The Help Desk: The bad kind of free speech

Every Friday, Cienna Madrid offers solutions to life’s most vexing literary problems. Do you need a book recommendation to send your worst cousin on her birthday? Is it okay to read erotica on public transit? Cienna can help. Send your questions to

Dear Cienna,

I've done a few onstage interviews at bookstores, and I enjoy doing them. My area of interest is in vogue right now, so there are a lot of authors of popular books who come to town, and talking to them is usually a joy.

Cienna, in almost any other field — journalism, for instance, which I do a lot of — I would be paid for my time. Venues and publishers never offer to pay me for my time as an onstage interviewer. A lot of preparation goes into those events: I have to read the book, read and listen to past interviews with the author, wear nice clothes, promote on social channels, and bring good stage presence.

I understand that bookstores don't have a lot of extra cash laying around. (Although they could surely offer a cup of coffee or a small gift card or something, couldn't they?) But the publishers, who pay for the authors to travel the country on tour, must be willing to cough up a little bit of cash for a good interviewer?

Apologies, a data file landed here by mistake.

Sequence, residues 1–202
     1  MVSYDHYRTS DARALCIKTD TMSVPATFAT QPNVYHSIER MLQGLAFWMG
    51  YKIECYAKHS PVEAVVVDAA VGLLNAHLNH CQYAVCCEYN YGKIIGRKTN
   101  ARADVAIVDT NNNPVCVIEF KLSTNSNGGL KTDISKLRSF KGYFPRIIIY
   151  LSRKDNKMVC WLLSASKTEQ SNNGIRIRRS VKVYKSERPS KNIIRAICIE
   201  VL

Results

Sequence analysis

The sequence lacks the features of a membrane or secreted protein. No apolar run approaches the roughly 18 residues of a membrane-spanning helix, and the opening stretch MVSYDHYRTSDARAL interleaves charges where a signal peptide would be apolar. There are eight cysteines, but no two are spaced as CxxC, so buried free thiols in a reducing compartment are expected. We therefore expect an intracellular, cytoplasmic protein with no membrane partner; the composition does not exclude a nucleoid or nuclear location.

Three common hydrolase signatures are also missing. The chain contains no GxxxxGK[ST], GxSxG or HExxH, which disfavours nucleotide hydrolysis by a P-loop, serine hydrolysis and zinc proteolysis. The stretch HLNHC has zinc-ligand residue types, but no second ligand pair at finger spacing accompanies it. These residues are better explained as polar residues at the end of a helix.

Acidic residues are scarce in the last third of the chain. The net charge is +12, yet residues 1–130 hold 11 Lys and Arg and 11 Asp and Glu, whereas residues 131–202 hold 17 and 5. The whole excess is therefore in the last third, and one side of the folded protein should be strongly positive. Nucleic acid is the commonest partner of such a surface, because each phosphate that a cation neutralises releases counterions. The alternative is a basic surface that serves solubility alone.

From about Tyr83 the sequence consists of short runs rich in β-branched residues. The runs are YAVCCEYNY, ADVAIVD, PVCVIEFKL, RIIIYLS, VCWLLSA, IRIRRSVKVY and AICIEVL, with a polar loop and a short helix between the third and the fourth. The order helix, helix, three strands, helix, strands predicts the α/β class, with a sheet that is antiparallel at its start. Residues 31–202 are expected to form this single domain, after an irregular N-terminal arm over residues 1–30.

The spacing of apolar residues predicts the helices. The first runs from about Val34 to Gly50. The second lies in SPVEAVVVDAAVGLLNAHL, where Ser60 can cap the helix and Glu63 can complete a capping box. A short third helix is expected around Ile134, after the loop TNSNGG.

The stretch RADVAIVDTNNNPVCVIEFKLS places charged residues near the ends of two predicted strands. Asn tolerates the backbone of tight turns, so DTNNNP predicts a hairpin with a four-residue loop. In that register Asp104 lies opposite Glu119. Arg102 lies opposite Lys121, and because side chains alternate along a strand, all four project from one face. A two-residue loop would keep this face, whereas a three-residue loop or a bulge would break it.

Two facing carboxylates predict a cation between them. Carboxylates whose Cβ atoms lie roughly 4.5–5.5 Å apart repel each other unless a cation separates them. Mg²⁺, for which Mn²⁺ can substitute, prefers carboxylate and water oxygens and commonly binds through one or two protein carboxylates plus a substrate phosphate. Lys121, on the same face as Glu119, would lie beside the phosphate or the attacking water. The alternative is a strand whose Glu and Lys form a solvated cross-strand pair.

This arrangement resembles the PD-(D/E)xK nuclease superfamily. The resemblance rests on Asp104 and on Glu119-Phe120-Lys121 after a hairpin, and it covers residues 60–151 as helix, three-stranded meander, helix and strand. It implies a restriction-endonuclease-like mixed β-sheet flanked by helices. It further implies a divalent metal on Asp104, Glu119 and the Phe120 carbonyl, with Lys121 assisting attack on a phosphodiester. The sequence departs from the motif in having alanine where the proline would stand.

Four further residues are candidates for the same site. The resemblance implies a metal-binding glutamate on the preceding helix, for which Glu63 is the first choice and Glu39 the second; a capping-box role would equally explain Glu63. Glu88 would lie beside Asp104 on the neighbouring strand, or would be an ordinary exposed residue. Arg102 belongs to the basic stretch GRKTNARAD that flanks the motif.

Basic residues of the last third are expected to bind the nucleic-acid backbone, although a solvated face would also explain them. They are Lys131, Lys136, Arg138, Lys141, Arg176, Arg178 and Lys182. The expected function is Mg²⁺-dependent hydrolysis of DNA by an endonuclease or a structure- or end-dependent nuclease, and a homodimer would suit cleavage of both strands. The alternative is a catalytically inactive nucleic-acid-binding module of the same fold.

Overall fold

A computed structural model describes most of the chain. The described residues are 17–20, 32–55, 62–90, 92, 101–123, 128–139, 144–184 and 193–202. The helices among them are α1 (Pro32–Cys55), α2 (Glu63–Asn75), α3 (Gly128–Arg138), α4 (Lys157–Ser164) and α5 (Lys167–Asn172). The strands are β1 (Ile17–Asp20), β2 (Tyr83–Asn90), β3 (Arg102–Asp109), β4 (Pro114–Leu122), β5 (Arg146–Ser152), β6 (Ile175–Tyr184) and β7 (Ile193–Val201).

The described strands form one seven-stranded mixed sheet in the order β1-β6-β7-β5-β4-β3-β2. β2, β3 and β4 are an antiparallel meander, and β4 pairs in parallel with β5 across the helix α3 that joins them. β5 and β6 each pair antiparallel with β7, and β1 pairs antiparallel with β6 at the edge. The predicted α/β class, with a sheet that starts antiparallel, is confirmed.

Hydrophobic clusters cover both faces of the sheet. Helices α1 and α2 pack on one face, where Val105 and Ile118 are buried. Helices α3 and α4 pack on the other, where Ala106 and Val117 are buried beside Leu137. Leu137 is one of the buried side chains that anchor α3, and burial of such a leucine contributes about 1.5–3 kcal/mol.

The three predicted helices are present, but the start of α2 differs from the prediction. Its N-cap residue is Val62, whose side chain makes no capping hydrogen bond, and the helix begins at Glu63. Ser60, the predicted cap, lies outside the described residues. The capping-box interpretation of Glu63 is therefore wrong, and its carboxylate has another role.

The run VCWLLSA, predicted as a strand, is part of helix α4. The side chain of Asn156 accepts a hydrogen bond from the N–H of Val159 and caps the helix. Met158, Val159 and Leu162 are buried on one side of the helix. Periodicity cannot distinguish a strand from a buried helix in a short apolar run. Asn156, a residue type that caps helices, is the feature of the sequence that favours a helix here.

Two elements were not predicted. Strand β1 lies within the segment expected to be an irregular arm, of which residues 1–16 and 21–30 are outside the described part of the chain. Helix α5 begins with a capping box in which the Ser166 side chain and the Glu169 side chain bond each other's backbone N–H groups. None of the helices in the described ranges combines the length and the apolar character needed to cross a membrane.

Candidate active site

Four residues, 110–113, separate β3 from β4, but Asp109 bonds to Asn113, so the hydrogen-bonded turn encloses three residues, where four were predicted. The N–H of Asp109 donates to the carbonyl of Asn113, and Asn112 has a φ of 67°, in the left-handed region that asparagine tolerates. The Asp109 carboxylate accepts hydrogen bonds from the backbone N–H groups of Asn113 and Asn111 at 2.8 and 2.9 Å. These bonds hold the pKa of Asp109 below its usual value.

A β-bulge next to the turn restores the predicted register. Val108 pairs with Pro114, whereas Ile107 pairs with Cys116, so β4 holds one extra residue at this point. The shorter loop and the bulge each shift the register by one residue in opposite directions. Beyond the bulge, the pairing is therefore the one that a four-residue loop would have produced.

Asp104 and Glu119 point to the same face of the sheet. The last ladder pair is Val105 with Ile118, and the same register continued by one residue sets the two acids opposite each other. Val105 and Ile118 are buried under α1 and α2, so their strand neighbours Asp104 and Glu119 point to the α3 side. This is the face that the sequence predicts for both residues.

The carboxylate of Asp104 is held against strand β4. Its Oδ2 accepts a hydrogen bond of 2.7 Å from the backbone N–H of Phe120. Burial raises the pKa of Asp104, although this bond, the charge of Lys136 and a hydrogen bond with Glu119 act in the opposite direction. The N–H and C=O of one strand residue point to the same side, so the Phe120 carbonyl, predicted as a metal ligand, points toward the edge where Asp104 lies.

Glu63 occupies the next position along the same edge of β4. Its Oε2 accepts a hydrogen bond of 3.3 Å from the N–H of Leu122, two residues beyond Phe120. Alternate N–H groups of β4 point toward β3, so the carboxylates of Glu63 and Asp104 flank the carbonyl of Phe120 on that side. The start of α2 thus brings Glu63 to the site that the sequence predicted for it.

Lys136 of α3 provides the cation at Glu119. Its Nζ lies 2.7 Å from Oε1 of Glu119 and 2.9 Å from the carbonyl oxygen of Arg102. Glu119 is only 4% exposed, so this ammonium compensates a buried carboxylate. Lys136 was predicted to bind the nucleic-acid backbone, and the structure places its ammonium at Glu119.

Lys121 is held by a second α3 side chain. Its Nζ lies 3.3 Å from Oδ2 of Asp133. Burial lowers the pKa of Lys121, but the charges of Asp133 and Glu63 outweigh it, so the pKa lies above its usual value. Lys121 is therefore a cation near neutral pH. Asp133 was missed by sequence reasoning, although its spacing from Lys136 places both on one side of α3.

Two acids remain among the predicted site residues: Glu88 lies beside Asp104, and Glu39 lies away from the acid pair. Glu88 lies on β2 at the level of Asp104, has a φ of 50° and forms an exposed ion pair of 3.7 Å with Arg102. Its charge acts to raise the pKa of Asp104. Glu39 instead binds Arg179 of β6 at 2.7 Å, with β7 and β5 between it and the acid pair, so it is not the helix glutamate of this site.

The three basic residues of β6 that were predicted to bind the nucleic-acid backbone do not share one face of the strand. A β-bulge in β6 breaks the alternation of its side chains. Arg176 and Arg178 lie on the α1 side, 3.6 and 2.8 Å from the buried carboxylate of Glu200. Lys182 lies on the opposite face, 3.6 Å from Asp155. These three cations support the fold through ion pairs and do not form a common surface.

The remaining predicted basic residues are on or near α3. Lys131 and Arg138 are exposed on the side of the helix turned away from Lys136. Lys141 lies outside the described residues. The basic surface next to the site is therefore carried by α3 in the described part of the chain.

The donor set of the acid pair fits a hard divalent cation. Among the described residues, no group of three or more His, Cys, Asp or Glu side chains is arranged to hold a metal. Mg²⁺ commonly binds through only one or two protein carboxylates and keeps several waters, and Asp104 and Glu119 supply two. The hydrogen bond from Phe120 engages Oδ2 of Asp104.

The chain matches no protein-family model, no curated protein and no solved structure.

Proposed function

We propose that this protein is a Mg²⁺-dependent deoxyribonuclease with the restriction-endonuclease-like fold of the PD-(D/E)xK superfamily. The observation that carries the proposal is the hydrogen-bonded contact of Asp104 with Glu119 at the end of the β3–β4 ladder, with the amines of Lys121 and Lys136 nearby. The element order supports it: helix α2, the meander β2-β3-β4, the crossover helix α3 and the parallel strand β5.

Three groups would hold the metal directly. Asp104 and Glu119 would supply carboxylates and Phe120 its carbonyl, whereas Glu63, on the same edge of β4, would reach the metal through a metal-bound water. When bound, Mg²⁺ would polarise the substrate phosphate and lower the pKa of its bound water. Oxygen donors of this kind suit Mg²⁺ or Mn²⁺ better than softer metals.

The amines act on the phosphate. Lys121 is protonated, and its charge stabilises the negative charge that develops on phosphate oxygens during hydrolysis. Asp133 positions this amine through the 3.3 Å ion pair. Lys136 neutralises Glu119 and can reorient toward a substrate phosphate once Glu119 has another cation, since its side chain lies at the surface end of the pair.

I'm not expecting to make a living as an onstage interviewers of authors, but some sign that my time is valuable would be nice. In almost any other field, being asked to do something as intensive as an onstage interview in exchange for exposure would be seen a huge rip-off. Should I ask for compensation next time, or am I being an entitled baby?

Erma, Ballard

Dear Erma,

In an ideal world, yes, you would be paid for your time as an interviewer – just like in an ideal world, sex appeal wouldn't be the strongest currency of women, people named Kash and Tiffini would automatically be registered as Assholes in some sort of community registry, the word "dollop" wouldn't exist, tweezers would scream for you, and ex-presidents would be taxidermied into their most memorable political moments and line the halls of Congress in Plexiglass tubes.

But we do not yet live in an ideal world, so we must do the hard work of fashioning one for ourselves. Here's what I suggest: the next time a publisher asks you to interview one of their authors onstage, respond with "Sure! My fee is now X." They may negotiate with you, you still may end up being paid in coffee or booze or nothing at all, but at least you'll have the satisfaction of sticking up for yourself and communicating that your time is valuable.